Language study involves not only passive aspects [memorization, recitation, drills, pattern practice and so forth] but also active and creative aspects [analysis and comprehension of what is said or written, synthesis of what is learned, and communicative application of the language in actual situations]. In this course communicative aspects are strongly emphasized so that students will be able to function in actual conversation. Therefore, tutorials will not be conducted in such a way that the instructor gives lectures and drills and the students respond to him/her, but instead the students are encouraged to interact with both the instructor and other students in the class in actual communication [active participation]. Those who are not familiar with this type of individualistic, heuristic, and creative language study are expected to modify their views and learning strategies.


There is no one way to acquire a language; every person has a different learning style and strategy. Try out various ways and find the best method and system for you as soon as possible. The following are some suggestions.
* Preparation and review:
  Always read the explanation of the Lecture Notes and do the self-study materials in order to familiarize yourself with the
  dialogues, important grammatical items, and new vocabulary before you go to the class.
* Creative application:
   Try to use what you have learned in your own way. Repeating the utterances presented on the web alone is not sufficient.
   Think of situations where you can say what you want to say and how the other party may respond to you.
* What you are saying with what purpose:
   Think of what you wish to convey for what purpose.
* Steady accumulation:
   Do not try to review everything at once. You cannot cram everything overnight for the test.
* Focus on the difficult items:
   Make use of weekends for review focusing on the items difficult to understand, and make sure you understand all the important items covered.
* Review missed lessons:
   If you should miss a class, make sure you get all the information by watching the video-recorded lectures (and tutorials).
* Study with your friends:
   Oral performance will benefit greatly from practicing with your friends and other Japanese students on campus.
* Audio-visual materials and IT:
   Viewing Japanese TV programs, movies, video files and playing video and online games may be helpful for listening
   comprehension and understanding of socio-cultural aspects of Japan. Take advantage of IT facilities available on campus.


* Informal get-together may be organized by volunteer students [you included] who are studying Japanese at York University
   to get to know each other, students from Japan and faculty.
* Various academic, cultural and social events are planned and organized by the Japanese Section and the
   Japanese International Students' Association of York University  [JISA], of which you can be a member.
* The annual Ontario Japanese Speech Contest will be held at the beginning of March. First-year students are eligible for the
   Beginners' Category. York students have been doing extremely well in the past. Students are strongly encouraged to
   participate in this event. First prize winners are eligible for the annual National Japanese Speech Contestto be held at the
   end of March.
* The Japanese Language Proficiency Test is hosted by and held at York University on the first Sunday of December
* Japan related exhibitions, film showing, demonstrations, and similar events are easily accessible in Toronto.


* Monbu-Kagaku-shoo Scholarships are available for third and fourth year students sponsored by the Japanese Government.
* The one-year exchange programs are available with Meiji University in Tokyo, Dokkyo University in Saitama,
   Keio University
, Waseda University in Tokyo,  Nagoya University in Nagoya, Hitotsubashi University and
   Aoyama Gakuin University in Tokyo are mainly for those who have completed AP/JP3000 6.0 (or AS/JP3000 6.0)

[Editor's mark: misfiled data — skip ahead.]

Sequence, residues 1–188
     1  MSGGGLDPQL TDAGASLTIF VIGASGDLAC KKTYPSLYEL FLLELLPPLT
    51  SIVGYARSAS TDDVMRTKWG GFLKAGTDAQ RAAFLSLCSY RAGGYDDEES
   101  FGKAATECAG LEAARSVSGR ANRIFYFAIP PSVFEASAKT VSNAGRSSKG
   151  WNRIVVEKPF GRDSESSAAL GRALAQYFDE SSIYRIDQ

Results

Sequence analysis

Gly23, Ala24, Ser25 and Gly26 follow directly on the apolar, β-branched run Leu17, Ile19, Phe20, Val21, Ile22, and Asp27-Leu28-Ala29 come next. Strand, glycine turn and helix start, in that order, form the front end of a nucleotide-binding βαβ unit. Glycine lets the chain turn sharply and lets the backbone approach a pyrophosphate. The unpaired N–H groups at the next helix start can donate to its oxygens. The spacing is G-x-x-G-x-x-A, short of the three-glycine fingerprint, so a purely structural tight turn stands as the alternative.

or AP/JP4000 6.0 (or AS/JP4000 6.0) with good standing not only in Japanese but also in GPA [B or above].
   Applicants must apply to York International and go through the selection procedure (tests and interviews).
   Up to three students are recommended per institution annually. Official inter-university exchange students may be eligible
   for JASSO[Japan Student Services Organization] scholarship. Some universities allow students to start either in April or
   September. Please consult with the York International. 
* Advanced knowledge of Japanese can further facilitate your academic career such as International MBA programs,
   East Asian Studies, Teaching of Japanese as a Foreign Language, etc.
* The JET [Japan Exchange and Teaching] Program, which is sponsored by the Japanese Government, gives opportunities to
   work in Japan as either an assistant English language teacher at a local school [ALT] or a coordinator for international
   relations [CIR] at a local government office. Consult with the Japan Information Centre  [ph.(416)363-5488] for further

CALL [Computer-Assisted Language Learning] / TEL [Technology Enhanced Learning]

Multimedia Language Centre [MLC: S117 Ross]  Not available during the 2023-24 academic year due to the renovation.

MLC provides PC lab sessions. All these sessions are on a walk-in and first-come-first-served basis. Orientation is scheduled.

Students are strongly encouraged to familiarize themselves with Moodle and the word processing program.

E-mail account

Every student must activate the York E-mail account as soon as possible in order to log in at MLC and for the Moodle sites.

Web Sites
https://buna.yorku.ca/                 [Buna site]
http://kusu.yorku.ca/                   [Kusu site]
http://tsuge.yorku.ca/                  [Tsuge site]
https://ume.kmkr.ca/japanese/   [Ume site]

GRADING SCHEME  (Please note that the grading scheme is different from the one for the university.)   

100 - 95 A+ 9 EXCEPTIONAL
94 - 89 A 8 EXCELLENT
88 - 83 B+ 7 VERY GOOD
82 - 77 B 6 GOOD
76 - 71 C+ 5 COMPETENT
64 - 59 D+ 3 PASSING
46 -  0 F 0 FAILING

Your final grade will be given based on the above grading scheme. A grade of "B" or above is strongly recommended to advance to the next level, although "C" is the minimum requirement.

Please note that the grading percentages are set higher than in the standard grading scheme because 10% of the total grade is allocated for class/lab attendance and participation.
Please note that fractions are not rounded up [e.g. 70.99% is C, and 71.00% is C+].
Grades are NOT negotiable.

Norio Ota
Course Director
Office:   South 532 Ross Building
Phone:  (416)736-2100 x88750 (office)
             (647)500-8089 (mobile)
Fax:       (416)736-5483
E-mail:  OTA